ton had also surrendered, we went to our respective homes, he to Loudoun county, Virginia, and I to Albemarle. Neither of us had a cent of money, but at Christiansburg, just before the break-up, Lieutenant Branham lent me five dollars in gold, which we found was a perfect Godsend. I returned the amount afterwards, as soon as Lieutenant Branham sent me his address. I had drawn no pay for some time, so that the Confederate States owed me, for back pay, about $1,600. The excuse was that Confederate money was too scarce to pay off the troops! Early in May, after consulting with Hon. W. C. Rives, formerly United States Senator from Virginia, I went to Richmond with Captain George C. Dickinson, formerly of New York, and in the Capitol building we took the oath of allegiance to the United States of America before General Patrick, of Ord's command. It is safe to say that it is one oath, at least, I have never broken. Saw Sherman's forty thousand men pass through en route to Washington.
Southern Historical Society Papers, Volume 16. (ed. Reverend J. William Jones), The Wee Nee volunteers of Williamsburg District, South Carolina, in the First (Hagood's) regiment. (search)
Secessionville road. That of the enemy was in plain view on the opposite side of the field in our front and about two hundred and fifty yards distant. Some of our pickets were sent up into trees the better to observe the enemy. There was a dense growth of corn in a part of the field, now in tassel. This field, being between the lines of the two armies and on neutral ground, had so far escaped the fate which overtook the balance of the crops on the island. The planters had been sent off in May with their negroes and such stock as was not needed for the use of the army. I had been appointed Provost-Martial and superintended their removal. Their crops were left standing in the field, and made the very best forage for our animals. The men have been feasting on roasting ears. In the night a scouting party approached our line coming through the thick corn. They were soon driven back, and, upon returning, were fired into by their own friends. Now, you have done it, some one in th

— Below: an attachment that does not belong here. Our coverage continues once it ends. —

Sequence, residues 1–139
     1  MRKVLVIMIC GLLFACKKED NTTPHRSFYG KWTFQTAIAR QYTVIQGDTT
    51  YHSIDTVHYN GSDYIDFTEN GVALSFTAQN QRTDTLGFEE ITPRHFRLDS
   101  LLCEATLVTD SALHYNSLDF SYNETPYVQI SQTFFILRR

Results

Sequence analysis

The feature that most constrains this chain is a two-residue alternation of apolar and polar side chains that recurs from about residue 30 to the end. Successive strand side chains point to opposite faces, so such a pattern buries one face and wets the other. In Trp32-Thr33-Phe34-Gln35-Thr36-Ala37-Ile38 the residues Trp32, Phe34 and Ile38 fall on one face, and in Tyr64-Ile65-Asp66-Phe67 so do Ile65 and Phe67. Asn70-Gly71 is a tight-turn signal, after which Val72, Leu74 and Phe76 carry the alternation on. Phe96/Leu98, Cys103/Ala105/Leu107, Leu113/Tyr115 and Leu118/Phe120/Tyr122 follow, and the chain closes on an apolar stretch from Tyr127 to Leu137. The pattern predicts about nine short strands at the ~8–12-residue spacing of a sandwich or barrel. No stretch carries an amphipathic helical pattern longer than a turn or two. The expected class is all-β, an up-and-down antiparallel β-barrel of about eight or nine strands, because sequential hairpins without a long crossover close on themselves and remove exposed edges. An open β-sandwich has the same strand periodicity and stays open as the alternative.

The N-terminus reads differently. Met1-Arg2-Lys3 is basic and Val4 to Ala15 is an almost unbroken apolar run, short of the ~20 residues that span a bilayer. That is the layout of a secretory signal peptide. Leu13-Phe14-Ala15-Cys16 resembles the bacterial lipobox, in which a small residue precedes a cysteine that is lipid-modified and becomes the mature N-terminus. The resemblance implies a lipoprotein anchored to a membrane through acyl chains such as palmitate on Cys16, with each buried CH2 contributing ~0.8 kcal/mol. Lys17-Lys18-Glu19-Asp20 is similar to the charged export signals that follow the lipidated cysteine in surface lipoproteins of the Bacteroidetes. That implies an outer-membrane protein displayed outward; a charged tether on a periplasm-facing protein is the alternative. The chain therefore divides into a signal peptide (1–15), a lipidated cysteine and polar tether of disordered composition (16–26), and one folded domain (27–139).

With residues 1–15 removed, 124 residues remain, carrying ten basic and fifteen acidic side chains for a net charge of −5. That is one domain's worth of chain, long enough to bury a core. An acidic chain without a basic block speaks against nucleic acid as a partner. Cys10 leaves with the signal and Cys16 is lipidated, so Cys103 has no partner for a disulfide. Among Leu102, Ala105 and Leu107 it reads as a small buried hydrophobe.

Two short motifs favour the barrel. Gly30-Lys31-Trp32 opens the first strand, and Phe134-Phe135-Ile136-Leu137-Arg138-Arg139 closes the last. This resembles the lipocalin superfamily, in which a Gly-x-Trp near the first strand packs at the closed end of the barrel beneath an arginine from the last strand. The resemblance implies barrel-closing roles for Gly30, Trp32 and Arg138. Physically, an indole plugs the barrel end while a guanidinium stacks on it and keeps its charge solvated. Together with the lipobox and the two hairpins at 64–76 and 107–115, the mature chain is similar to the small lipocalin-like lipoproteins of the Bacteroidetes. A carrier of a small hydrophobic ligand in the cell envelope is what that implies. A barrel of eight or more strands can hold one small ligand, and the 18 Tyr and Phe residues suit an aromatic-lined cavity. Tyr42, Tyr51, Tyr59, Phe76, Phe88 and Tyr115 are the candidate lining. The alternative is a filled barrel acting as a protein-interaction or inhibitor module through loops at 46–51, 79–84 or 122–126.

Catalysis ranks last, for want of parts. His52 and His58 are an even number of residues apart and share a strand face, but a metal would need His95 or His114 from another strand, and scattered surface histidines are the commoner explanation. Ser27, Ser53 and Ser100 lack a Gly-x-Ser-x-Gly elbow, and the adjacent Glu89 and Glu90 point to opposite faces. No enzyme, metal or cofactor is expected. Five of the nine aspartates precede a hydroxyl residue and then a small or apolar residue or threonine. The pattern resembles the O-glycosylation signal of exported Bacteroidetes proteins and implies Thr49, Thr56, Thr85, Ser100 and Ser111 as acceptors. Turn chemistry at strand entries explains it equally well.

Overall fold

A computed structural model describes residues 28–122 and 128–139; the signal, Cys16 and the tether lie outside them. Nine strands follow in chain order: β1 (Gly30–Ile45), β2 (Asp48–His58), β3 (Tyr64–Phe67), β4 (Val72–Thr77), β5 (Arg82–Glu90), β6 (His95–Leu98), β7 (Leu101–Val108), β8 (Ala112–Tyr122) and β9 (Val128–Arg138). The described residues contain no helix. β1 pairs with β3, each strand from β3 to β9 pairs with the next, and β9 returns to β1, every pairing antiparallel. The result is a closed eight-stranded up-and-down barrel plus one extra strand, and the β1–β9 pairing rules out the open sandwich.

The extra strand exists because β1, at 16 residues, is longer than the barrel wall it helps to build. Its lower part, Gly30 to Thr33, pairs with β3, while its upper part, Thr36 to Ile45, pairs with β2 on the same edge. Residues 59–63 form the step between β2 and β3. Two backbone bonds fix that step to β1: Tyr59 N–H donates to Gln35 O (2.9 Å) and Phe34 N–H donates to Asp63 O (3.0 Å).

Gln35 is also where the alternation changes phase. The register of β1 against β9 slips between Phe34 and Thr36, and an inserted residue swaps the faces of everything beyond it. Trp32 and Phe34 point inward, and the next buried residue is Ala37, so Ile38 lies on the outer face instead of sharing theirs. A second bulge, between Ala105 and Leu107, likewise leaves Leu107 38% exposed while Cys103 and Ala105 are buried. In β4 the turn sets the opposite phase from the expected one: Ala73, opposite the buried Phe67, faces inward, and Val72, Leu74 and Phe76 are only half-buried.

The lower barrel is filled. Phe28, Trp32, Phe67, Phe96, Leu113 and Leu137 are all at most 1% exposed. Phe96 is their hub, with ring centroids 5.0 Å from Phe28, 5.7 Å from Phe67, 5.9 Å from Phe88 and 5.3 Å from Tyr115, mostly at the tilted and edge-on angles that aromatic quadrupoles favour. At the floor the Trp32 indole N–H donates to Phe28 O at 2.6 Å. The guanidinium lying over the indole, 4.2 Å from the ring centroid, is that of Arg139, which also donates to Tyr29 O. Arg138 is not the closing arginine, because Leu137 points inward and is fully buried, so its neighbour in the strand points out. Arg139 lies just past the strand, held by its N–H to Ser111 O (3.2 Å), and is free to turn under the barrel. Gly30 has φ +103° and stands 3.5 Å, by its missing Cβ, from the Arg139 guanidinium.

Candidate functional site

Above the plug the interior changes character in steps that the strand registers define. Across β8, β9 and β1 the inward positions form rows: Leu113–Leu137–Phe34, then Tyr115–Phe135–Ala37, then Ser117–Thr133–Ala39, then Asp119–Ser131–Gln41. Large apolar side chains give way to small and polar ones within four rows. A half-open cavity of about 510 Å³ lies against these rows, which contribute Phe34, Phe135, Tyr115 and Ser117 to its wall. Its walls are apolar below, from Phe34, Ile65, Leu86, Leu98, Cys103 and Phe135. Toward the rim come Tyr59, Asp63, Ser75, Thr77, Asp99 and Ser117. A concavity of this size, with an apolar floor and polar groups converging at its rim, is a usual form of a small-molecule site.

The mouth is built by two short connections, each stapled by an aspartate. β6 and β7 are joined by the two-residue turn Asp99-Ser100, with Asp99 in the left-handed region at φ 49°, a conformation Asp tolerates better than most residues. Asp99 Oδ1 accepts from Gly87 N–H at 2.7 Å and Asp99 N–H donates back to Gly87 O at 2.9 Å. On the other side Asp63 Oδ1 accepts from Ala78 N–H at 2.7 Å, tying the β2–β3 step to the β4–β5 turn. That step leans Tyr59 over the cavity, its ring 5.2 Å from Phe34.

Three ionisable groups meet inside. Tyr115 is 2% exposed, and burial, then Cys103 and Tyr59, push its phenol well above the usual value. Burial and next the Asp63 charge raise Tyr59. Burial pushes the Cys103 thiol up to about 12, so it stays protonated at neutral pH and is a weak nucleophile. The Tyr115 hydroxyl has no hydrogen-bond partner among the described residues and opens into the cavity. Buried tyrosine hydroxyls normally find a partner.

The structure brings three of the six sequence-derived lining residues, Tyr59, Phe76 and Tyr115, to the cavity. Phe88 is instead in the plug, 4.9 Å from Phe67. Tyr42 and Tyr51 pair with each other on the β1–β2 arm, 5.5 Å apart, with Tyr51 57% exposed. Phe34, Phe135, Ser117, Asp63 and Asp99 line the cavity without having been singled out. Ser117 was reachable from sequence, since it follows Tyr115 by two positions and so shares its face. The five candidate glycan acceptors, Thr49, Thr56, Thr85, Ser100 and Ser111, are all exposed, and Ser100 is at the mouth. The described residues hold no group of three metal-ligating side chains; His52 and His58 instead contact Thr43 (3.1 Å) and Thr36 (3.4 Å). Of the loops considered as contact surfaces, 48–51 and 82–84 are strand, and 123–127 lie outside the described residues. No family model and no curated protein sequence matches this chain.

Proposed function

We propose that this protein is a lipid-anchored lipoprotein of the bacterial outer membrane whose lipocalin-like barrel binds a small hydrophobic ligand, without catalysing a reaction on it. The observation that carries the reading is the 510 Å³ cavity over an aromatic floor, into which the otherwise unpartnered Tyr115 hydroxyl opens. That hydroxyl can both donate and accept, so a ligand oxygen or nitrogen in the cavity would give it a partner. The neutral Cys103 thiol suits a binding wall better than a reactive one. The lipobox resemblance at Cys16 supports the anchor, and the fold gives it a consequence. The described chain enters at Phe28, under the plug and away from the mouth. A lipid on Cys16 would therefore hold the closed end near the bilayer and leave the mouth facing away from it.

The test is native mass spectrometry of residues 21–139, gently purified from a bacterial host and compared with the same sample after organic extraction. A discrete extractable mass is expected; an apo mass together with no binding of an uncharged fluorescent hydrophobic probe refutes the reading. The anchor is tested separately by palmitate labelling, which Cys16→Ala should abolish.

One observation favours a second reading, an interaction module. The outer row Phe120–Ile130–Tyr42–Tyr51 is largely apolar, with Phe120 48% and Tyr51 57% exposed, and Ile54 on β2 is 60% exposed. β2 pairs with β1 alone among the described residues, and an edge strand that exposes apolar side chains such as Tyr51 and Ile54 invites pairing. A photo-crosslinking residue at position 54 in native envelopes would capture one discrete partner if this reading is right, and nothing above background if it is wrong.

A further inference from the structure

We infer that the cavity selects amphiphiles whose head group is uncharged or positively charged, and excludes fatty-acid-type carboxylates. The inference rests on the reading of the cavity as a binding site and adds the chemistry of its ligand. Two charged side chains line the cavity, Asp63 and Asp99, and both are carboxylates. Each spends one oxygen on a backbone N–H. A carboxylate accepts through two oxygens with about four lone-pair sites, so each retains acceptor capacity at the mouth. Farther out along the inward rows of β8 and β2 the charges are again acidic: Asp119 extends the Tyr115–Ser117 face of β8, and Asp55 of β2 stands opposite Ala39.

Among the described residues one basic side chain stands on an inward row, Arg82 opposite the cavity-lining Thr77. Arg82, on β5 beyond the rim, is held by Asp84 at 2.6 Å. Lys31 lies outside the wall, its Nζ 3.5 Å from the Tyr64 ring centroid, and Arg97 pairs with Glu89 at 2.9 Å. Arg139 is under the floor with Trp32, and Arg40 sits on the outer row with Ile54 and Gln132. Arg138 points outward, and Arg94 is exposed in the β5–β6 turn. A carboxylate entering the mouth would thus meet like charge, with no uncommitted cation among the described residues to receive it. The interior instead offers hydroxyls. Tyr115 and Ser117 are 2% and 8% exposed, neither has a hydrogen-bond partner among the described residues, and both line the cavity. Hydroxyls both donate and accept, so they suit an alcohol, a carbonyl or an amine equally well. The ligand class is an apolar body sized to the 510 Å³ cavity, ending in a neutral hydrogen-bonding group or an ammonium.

Southern Historical Society Papers, Volume 16. (ed. Reverend J. William Jones), Battle of Shiloh: refutation of the so-called lost opportunity, on the evening of April 6th, 1862. (search)
Beauregard, while calling so promptly for those due from their own subordinates—an avoidance of duty in which, I take this immediate occasion to say, they were favored by my illness and absence from the duties of my office from about the middle of May up to the very eve of Beauregard's separation from the army. But for this casualty I am very sure the reports in question would have been elicited before the close of May, and I dare to say, moreover, they would have reached my office—at least thMay, and I dare to say, moreover, they would have reached my office—at least those of Bragg and Hardee—essentially free from, or not stuffed and effusing with that suggested and directed blame of their commanding general, which have made the reports subsequently transmitted without even approximate similars in the whole round of official military literature. How little prepared, after the surrender of Prentiss, three of his regiments, the Twelfth, Thirteenth and Twenty-second Tennessee regiments of Stewart's division, were to vigorously assail the enemy in the manner so